by Toby Gill

Part of a new series exploring the concept and consequences of ‘free trade’ from a variety of perspectives. (Part 1 can be found here: How to Hunt the Stag: Power, Blackmail and Exploitation)

Let’s suppose I am the editor of a brilliant and highly successful politics and arts magazine (ahem). My magazine is so utterly brilliant that I believe it’s time to break into an international market. I’m aiming big – I want to sell my magazine in China. However, all manner of obstacles lie in my way. Firstly, there is the physical distance – my magazines have to reach the other side of the world. Next, I would need to alter the magazine to comply with Chinese laws and regulations (which could be completely unrecognisable, even if they weren’t written in a different language). Then I require the local infrastructure to advertise my product, a shop to sell it from, and local workers to operate this shop. Each of these steps will also require a translator, as will the translation of my magazine itself. I also need the Chinese State not to have any subsidies for local magazines that price me out of the market, nor quotas which restrict my sales. Finally, even once all this has been achieved, cultural differences may render my once gripping magazine totally uninteresting to locals.

In short, my magazine isn’t going to sell many Chinese copies any time soon.

So far in this series, we have considered ‘free trade’ to be synonymous with ‘tariff-free’ trade. However, as we can see, there are a multitude of non-tariff barriers to international trade. This time round, we will explore what ‘free trade’ really requires, and what this means for Britain’s future.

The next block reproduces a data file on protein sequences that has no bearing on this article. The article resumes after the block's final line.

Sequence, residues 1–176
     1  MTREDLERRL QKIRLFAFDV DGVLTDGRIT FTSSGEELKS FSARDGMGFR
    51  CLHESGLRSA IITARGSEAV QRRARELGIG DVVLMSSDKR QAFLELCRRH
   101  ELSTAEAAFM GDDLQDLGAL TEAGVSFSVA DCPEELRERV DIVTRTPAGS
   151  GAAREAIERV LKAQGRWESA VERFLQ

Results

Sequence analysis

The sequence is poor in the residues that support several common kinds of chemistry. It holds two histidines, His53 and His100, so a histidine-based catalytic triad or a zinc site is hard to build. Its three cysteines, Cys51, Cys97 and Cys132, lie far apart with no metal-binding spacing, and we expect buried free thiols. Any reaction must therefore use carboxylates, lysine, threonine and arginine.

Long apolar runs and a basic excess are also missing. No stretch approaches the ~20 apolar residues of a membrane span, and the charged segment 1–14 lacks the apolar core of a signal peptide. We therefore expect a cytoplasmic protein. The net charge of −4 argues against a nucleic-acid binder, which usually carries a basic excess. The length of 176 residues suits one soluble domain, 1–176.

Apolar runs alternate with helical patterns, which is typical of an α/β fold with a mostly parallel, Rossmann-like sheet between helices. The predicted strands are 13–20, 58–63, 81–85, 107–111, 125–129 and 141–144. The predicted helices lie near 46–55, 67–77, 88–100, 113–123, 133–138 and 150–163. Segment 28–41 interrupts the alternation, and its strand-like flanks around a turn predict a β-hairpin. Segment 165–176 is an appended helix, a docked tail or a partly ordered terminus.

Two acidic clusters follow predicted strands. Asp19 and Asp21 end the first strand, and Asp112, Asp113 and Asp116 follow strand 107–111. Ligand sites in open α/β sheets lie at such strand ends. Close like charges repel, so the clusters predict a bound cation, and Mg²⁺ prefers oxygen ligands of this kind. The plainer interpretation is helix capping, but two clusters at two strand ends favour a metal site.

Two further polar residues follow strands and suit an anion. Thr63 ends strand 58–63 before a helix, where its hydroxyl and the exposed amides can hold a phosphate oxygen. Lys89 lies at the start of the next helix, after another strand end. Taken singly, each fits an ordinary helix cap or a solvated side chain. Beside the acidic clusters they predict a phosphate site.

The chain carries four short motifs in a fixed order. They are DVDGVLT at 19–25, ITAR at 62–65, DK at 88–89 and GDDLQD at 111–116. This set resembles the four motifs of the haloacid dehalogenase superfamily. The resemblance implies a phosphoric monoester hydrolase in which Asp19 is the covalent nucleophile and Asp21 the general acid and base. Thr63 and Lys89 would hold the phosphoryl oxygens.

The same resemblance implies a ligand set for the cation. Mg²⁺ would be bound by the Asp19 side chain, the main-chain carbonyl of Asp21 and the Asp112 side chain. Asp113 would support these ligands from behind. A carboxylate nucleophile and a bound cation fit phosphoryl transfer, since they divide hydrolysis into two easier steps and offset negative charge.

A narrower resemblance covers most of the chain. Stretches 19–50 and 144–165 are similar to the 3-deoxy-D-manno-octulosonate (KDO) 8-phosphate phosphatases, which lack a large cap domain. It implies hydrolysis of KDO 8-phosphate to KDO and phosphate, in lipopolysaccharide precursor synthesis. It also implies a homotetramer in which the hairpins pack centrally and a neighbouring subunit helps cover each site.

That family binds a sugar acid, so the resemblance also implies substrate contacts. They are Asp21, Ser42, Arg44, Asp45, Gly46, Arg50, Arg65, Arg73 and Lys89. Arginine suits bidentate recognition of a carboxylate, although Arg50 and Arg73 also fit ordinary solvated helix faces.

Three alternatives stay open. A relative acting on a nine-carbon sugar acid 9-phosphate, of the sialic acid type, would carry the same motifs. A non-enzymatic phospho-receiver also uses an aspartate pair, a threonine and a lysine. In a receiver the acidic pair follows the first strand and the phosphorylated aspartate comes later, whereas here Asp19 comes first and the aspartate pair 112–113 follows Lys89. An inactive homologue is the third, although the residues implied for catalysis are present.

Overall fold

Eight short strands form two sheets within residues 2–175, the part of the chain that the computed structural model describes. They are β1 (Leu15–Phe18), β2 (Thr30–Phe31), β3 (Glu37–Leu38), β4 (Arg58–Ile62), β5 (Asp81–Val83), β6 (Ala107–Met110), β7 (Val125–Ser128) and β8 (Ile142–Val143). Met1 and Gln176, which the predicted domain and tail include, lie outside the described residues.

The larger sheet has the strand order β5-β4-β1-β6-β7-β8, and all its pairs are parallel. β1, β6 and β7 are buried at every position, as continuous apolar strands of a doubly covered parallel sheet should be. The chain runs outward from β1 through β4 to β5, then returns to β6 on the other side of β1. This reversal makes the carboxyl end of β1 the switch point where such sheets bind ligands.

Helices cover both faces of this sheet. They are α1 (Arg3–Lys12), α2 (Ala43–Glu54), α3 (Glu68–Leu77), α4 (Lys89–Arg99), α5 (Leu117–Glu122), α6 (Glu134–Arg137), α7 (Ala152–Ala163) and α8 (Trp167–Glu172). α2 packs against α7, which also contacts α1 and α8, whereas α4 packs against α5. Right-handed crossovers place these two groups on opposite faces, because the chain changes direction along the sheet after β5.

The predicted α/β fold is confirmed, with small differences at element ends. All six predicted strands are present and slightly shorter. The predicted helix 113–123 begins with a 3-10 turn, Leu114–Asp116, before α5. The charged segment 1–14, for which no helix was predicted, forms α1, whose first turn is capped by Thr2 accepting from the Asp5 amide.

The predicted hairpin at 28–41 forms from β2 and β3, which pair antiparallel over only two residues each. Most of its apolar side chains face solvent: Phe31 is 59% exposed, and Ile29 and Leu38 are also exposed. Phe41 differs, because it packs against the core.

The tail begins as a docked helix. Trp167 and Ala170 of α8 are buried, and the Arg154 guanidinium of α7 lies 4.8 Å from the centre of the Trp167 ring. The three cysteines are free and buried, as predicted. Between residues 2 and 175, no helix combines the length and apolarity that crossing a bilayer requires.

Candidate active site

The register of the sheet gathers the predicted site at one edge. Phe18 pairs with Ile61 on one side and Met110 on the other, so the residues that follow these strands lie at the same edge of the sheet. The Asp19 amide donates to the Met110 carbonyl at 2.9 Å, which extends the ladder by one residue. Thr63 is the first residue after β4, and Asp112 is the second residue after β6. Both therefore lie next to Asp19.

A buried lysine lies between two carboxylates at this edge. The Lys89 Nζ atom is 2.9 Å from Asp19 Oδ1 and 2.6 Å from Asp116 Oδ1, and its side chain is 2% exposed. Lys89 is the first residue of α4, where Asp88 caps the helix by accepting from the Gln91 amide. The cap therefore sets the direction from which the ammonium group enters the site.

Mainstream discourse posits ‘the state’ and ‘the market’ as forces which bitterly oppose one another

Mainstream discourse posits ‘the state’ and ‘the market’ as forces which bitterly oppose one another. However, in many ways, this could not be further from the truth. Trade is a complex coordination problem. Markets do not simply appear – they are made. Markets require regulation, and regulation requires authority. The state and the market are like different sides of the same coin – they depend on one another.

The boundaries of the market are defined by state power. For example, for a market to function there has to be an agreement on what is for sale. This may seem a non-issue, but new goods are forged and forbidden all the time. It is all too easy to forget that human beings were once considered legitimate objects of commerce. In Ancien Regime France one could purchase hereditary titles or jobs in municipal government. Today, intellectual property is created and defined by patent law. It is illegal to sell guns, drugs, kitchen knives to children or apples secretly laced with arsenic. Only laws like these allow consumers to purchase fearlessly. Of course, once we have agreed the limits of our market, our regulations need enforcing. If my company existed amidst pure anarchy I would have little reason to expect my invoices to be paid. A functional market cannot exist in a vacuum – it is almost nothing without a legal code and a state monopoly on violence.

(Patent law; Pending Bike Harley Patent Davidson Motorcycle. CC0 Public Domain via maxpixel)